No one who knows him dare employ him, for he is a regular firebrand of discontent. He is impervious to reason, and the only thing that can impress him is the toe of a thick-soled No. 9 boot.

Of course I know that one so morally deformed is no less to be pitied than a physical cripple; but in our pitying, let us drop a tear, too, for the men who are striving to carry on a great enterprise, whose working hours are not limited by the whistle, and whose hair is fast turning white through the struggle to hold in line dowdy indifference, slip-shod imbecility, and the heartless ingratitude, which, but for their enterprise, would be both hungry & homeless.

Have I put the matter too strongly?

Possibly I have; but when all the world has gone a-slumming I wish to speak a word of sympathy for the man who succeeds- the man who, against great odds has directed the efforts of others, and having succeeded, finds there’s nothing in it: nothing but bare board and clothes.

I have carried a dinner pail & worked for day’s wages, and I have also been an employer of labor, and I know there is something to be said on both sides.

There is no excellence, per se, in poverty; rags are no recommendation; & all employers are not rapacious and high-handed, any more than all poor men are virtuous.

My heart goes out to the man who does his work when the "boss" is away, as well as when he is at home.

And the man who, when given a letter for Garcia, quietly take the missive, without asking any idiotic questions, and with no lurking intention of chucking it into the nearest sewer, or of doing aught else but deliver it, never gets "laid off," nor has to go on a strike for higher wages.

Civilization is one long anxious search for just such individuals.

Anything such a man asks shall be granted; his kind is so rare that no employer can afford to let him go. He is wanted in every city, town and village- in every office, shop, store and factory.

The world cries out for such: he is needed & needed badly- the man who can carry a message to Garcia.


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4 Key Lessons from “A Message to Garcia”

Do the thing...

One of the most published articles in history, “A Message to Garcia” (by Elbert Hubbard) highlights several great challenges and lessons of life.

There are four key lessons that I would like to discuss:  three of those lessons are key points from the author and the fourth is one that will assist you as you LEAD FROM YOUR CURRENT POSITION®

My First Day in the Devil Brigade (504th Parachute Infantry Regiment)

I was introduced to “A Message to Garcia” very early in my career.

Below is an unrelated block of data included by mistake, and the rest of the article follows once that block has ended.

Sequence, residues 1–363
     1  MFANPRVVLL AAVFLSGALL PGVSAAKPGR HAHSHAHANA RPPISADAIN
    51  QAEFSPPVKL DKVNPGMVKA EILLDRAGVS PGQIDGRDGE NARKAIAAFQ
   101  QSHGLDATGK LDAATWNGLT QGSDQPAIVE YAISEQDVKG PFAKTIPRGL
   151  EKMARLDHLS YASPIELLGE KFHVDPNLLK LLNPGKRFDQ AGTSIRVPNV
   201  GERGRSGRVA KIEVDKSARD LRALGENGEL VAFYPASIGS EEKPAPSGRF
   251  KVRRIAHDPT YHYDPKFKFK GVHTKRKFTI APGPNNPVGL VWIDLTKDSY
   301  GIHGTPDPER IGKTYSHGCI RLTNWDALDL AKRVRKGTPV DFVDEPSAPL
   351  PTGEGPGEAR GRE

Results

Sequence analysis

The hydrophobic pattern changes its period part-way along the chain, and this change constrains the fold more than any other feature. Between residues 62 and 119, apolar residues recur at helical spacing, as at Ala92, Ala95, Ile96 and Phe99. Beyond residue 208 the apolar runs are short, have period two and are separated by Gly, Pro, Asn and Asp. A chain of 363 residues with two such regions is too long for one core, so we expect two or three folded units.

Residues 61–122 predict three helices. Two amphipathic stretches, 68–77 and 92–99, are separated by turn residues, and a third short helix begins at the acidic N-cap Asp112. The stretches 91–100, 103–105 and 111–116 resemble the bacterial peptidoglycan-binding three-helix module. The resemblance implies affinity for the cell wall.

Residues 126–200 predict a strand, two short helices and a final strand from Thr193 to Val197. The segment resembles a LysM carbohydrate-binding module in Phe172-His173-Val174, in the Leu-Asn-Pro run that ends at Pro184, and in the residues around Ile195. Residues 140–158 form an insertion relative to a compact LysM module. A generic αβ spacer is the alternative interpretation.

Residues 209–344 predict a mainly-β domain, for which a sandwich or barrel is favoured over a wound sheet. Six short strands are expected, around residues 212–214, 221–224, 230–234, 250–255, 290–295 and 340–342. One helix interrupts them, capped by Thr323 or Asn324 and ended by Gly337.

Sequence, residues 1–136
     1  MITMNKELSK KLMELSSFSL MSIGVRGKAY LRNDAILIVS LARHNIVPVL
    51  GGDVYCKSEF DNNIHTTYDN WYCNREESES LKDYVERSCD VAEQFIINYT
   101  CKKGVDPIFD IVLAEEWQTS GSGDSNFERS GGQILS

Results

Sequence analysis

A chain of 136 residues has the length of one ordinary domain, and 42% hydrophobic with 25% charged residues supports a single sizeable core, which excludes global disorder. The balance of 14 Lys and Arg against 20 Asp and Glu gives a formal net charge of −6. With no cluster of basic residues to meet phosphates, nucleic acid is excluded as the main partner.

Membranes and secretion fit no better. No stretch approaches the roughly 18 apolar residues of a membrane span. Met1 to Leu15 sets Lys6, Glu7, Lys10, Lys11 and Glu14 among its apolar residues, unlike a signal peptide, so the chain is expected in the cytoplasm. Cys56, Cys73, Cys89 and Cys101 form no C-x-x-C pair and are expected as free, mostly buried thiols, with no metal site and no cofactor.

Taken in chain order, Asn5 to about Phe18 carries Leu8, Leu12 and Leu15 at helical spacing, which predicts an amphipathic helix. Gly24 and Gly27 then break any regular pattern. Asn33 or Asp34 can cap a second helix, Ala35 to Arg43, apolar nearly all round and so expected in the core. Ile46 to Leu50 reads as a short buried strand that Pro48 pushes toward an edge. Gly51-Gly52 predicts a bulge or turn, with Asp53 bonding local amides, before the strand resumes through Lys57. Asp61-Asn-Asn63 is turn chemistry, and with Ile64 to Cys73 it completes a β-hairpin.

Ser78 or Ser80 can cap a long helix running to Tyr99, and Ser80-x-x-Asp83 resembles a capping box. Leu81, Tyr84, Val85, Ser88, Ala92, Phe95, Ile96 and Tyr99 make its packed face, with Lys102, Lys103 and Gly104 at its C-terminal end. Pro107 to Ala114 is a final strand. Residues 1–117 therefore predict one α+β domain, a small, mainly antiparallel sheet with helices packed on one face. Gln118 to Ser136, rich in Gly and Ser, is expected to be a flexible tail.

In fact, I was given the article the day I reported to my first active duty unit. At the conclusion of my introductory meeting with my Brigade Commander (then Colonel Peter J. Boylan, Commander of the 1st Brigade, 82d Airborne Division), he simply handed me the article and asked that I write a two-page summary of what the article meant to me and to bring it back to the Brigade Staff Duty Officer the next morning.

I saluted and departed.

This was the beginning of a busy and memorable day since I was an Infantry Second Lieutenant reporting to my first unit.

Next, I would meet with my Battalion and Company Commanders. I was told I would be assigned as Alpha Company’s First Platoon Leader and that I would meet my Platoon Sergeant and Platoon the next morning.

Later that evening, I sat down to read “A Message to Garcia” and contemplate my assignment: the two-page summary.

I was moved by the article and it’s theme: Be Proactive.

Additionally, I was struck by the fact that it was a First Lieutenant Andrew Summers Rowan that would “do the thing” and later be awarded our Nation’s second highest honor for his actions: the Distinguished Service Cross. I promptly wrote my response.

Since the copy of the article I was given was barely legible (it was a multigenerational copy and making another copy would have been illegible), I went out and bought a typewriter.

This was before the personal computer revolution.

That evening, I typed a new version of the article. I would make copies and give them to my new Platoon Sergeant and Squad Leaders the next morning with the exact same assignment (after turning my assignment in at the Brigade Headquarters).

I would later use this assignment for the rest of my career with each organization that I was assigned to.

It became a leadership litmus test of sorts, meaning that it gave me insight into the professional maturity of the writer.

Very similar to the idea that Elbert Hubbard mentions in the article about summoning a clerk to write a memorandum concerning the life of Correggio, how the person completed the task and what they wrote told me a lot about them.

As a minimum, it gave me an opportunity to discuss key aspects of leadership with my Soldiers.

Again Asseverating: 4 Key Lessons from “A Message to Garcia”

Be proactive… Do the thing. The majority of the time, the conditions in our circle of influence are ripe for our action and contribution.

Be response-able. Victor Frankl’s life and writings teach us that we have a great deal of freedom, even in the most awful of circumstances.

Between STIMULUS and RESPONSE is a huge responsibility for us: the FREEDOM TO CHOOSE. It is our values & virtues, not the conditions surrounding us, that should guide our choices.

Take the initiative. There are several levels of initiative where your judgment and discretion will guide you, but I believe that you will find very few times that there is a real barrier preventing you from being able to simply “do the thing.”

What can I contribute to the environment so others can flourish? Using the framework of Lead From Your Current Position® (Self-Development, Partnership, and Service) and my definition of leadership, can you identify what actions are needed around you?

Will you look for them in the future?

Did Hubbard put the matter too strongly?

Possibly… but today, like 1899, the points he highlights still seem to ring true.

Regardless, I hope you can use “A Message to Garcia” to enhance your proactivity and ability to contribute to others.